From Surviving to Thriving: Creating Restorative Systems One Case at a Time
Many times attorneys and other professionals in the legal system come into contact with individuals and families who have experienced trauma in various or multiple forms. Rarely are legal professionals given education or skills, either through school or work, necessary to competently respond to and advocate for these clients. This series aims to offer professionals specific skills and answers to day-to-day issues they may encounter when working with survivors of trauma. From understanding why a client is disengaged in the process or does not adhere to sound legal advice, to learning what questions to ask in an initial interview, professionals will be given specific practice points to implement into their client relationships. Professionals also are faced with their own experiences of trauma, whether directly or as secondary trauma, that sometimes go unchecked. This series will provide a discussion of the ethical implications of representing trauma survivors and promote skills to build resiliency in self and clients. The Zero Abuse Project at Mitchell Hamline takes a multi-disciplinary approach to training, knowing that learning from the knowledge and skill set of one profession enhances that of another. Professionals can support each other and families, and build a collaborative, restorative legal system one case at a time.
All events in this series have been approved for 2.0 standard CLE credits unless otherwise noted. Mitchell Hamline is an approved CE provider by the Minnesota Board of Social Work. Certificates of Attendance are available. If you plan to submit an application of approval to a different board, Mitchell Hamline is happy to assist you however possible.
All events in this series will be held at Mitchell Hamline School of Law, 875 Summit Avenue, Saint Paul, MN 55105. The cost of each event is $20.00. Refunds will be available up to 4 business days before the event, less a $3.00 admin fee.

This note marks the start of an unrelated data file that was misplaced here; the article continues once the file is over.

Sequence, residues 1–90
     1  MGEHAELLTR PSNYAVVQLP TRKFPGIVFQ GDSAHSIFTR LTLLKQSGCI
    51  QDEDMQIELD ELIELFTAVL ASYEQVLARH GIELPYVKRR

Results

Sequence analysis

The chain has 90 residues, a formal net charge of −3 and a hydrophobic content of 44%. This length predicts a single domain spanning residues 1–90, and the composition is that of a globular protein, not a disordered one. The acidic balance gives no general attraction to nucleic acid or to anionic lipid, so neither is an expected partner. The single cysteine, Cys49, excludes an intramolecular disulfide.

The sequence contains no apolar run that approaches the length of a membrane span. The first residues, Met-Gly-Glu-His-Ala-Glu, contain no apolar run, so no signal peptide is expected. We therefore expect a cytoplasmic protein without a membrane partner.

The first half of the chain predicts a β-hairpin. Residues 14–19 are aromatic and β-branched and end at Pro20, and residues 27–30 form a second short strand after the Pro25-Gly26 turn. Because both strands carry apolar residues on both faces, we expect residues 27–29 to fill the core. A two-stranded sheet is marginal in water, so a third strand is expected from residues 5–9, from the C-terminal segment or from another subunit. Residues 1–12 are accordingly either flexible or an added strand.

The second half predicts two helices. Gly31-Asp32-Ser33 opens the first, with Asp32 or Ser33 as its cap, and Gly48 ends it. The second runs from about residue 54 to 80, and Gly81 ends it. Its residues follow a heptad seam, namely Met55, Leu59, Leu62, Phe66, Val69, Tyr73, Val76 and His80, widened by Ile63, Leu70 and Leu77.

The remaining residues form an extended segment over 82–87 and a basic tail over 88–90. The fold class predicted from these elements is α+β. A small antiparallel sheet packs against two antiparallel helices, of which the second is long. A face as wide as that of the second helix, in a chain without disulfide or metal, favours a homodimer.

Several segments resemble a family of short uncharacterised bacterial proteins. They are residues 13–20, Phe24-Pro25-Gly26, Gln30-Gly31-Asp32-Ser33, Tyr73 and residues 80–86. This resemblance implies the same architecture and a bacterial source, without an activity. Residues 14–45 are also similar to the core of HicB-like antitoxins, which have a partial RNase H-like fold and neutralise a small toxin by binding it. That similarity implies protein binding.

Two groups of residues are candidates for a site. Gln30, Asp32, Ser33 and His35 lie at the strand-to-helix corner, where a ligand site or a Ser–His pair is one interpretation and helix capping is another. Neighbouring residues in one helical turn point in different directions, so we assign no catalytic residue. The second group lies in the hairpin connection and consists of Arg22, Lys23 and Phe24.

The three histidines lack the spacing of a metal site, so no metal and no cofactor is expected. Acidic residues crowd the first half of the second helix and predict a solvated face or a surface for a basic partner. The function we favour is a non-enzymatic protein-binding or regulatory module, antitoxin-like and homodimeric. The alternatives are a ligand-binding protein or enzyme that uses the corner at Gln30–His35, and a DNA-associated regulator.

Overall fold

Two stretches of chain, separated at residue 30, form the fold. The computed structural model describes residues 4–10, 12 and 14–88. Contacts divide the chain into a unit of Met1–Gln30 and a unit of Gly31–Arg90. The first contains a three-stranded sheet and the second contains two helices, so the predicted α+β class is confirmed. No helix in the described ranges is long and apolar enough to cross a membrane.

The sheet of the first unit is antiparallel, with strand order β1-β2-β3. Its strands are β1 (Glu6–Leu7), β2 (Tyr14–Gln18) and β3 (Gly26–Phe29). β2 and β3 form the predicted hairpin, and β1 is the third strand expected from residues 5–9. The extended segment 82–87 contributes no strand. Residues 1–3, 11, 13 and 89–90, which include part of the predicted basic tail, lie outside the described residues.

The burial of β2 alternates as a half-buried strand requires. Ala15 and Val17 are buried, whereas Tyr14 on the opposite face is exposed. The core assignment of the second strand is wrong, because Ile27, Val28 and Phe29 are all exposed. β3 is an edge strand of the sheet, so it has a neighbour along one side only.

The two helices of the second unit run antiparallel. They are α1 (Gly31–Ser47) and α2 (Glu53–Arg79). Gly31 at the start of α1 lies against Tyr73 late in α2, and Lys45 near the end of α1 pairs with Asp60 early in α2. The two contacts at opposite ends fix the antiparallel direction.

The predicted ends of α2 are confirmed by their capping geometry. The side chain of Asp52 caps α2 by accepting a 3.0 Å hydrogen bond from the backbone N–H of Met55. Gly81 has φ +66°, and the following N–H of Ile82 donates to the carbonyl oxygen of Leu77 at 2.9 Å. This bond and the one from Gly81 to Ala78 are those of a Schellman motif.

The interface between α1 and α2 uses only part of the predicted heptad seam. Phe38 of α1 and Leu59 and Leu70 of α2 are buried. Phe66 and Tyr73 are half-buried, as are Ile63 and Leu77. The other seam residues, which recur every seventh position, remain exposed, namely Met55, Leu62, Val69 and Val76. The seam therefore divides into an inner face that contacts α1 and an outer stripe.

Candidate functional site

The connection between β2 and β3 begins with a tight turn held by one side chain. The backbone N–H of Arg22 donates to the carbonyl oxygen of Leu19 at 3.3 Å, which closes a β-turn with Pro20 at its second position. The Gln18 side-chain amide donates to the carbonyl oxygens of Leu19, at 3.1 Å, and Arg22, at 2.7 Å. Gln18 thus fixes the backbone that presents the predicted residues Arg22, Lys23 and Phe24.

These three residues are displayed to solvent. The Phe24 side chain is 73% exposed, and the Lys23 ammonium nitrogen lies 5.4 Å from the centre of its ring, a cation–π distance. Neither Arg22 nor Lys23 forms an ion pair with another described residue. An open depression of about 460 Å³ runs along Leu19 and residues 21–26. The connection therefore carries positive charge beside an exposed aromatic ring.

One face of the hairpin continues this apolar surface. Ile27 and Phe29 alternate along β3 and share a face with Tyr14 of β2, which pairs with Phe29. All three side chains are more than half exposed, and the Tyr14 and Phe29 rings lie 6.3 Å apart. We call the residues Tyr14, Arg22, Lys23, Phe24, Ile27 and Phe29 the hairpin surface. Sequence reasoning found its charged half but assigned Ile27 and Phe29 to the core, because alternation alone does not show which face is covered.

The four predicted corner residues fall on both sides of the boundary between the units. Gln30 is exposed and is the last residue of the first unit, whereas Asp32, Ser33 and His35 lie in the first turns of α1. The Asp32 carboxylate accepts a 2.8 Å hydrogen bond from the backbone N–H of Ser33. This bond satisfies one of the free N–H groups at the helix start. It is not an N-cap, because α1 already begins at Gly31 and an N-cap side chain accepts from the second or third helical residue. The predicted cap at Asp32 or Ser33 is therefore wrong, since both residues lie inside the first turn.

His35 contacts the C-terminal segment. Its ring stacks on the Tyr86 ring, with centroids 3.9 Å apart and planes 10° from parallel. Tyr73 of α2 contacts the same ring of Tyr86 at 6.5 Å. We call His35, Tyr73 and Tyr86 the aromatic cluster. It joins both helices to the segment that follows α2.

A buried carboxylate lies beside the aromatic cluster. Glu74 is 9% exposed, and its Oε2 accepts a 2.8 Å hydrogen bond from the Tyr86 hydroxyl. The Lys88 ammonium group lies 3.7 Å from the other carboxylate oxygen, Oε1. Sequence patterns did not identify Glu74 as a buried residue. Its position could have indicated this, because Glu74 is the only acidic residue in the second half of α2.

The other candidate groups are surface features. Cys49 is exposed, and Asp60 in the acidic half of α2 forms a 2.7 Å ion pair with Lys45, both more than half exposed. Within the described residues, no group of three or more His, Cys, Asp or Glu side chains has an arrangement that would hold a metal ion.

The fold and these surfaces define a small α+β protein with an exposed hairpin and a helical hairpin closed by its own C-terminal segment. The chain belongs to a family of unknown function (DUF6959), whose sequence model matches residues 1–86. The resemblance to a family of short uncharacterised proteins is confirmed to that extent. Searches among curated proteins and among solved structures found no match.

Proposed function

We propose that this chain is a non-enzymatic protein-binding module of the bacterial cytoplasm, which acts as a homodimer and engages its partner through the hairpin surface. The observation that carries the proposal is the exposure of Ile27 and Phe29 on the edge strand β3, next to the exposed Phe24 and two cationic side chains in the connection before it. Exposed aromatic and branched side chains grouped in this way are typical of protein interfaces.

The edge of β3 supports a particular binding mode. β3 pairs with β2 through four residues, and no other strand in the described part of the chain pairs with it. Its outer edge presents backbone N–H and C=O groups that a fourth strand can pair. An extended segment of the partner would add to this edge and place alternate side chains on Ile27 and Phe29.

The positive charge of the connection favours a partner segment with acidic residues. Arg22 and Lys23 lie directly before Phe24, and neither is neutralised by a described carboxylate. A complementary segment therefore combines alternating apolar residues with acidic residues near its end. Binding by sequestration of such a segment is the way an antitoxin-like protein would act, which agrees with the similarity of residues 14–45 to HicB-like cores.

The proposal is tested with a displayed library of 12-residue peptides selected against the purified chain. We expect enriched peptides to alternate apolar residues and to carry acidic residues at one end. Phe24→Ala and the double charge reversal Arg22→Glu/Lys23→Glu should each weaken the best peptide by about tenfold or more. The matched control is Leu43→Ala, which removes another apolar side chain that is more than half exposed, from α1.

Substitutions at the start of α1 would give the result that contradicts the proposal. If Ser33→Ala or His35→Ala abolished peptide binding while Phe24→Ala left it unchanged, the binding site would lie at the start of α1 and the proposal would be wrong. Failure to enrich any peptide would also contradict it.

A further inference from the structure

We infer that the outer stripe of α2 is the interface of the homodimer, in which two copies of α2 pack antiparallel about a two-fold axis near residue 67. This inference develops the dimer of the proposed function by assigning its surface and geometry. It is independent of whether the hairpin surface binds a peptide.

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Supporting Immigrant and Refugee Families: How to Advocate in a Complex and Ineffective System
October 31, 2018
Kelley Board Room
1.0 standard and 1.0 elimination of bias credits approved
Legal issues in immigration have come to the forefront of the country’s mind following recent events at the United States/Mexico border. As laws and practices change sometimes weekly, immigration attorneys, mental health professionals, medical providers, and other professionals are left wondering how to keep up. This multi-disciplinary panel brings together professionals to offer practice points and suggestions to create the best possible outcomes for clients. The presentation will look at legal challenges and trauma experienced by immigrants and refugees, trauma-informed and culturally responsive interactions and services, advocating in the court system, and secondary trauma experienced by professionals working in this field.
Understanding the Racial Divide on Corporal Punishment: A Child Protection and Criminal Defense Analysis
November 14, 2018
2.0 elimination of bias credits approved
This presentation will discuss the origins of corporal punishment and regional differences of opinion about its validity within the United States and outside of the U.S., and specifically how Minnesota standards compare. It will highlight how corporal punishment has evolved over time within the African American community and why historically African Americans have resisted efforts to abandon the parenting practice due to present day and inter-generational trauma from racial oppression. Finally, the presentation will offer insight on why African Americans may view the use of corporal punishment as a way to protect their children from the repercussions of state-sanctioned violence and discrimination against their community.
Angela Bailey, Office of the Hennepin County Public Defender- Juvenile Division
Trauma as a Cause and Effect of Residential Instability
November 16, 2018
Kelley Board Room
Homelessness is often associated with poverty, unemployment, lack of governmental or personal support, and other economic challenges. However, this mindset fails to account for what research has shown to be one of the main predictors of long-term residential instability: severity of trauma experienced by individuals and families. Because these families are likely come into contact with the legal system, social services, and medical clinics, it is important for professionals to understand how to address trauma as a root cause of long-term housing instability, and to recognize how this instability relates to other challenges such as unemployment, domestic violence, involvement in the criminal justice system, physical and mental health diagnoses. How should social workers, advocates, physicians, and attorneys go about doing this, and how can multi-disciplinary professionals collaborate? This panel will highlight programs doing just that, and offer guidance to professionals on how to provide strength-based services to families and individuals, across systems and regardless of profession or role.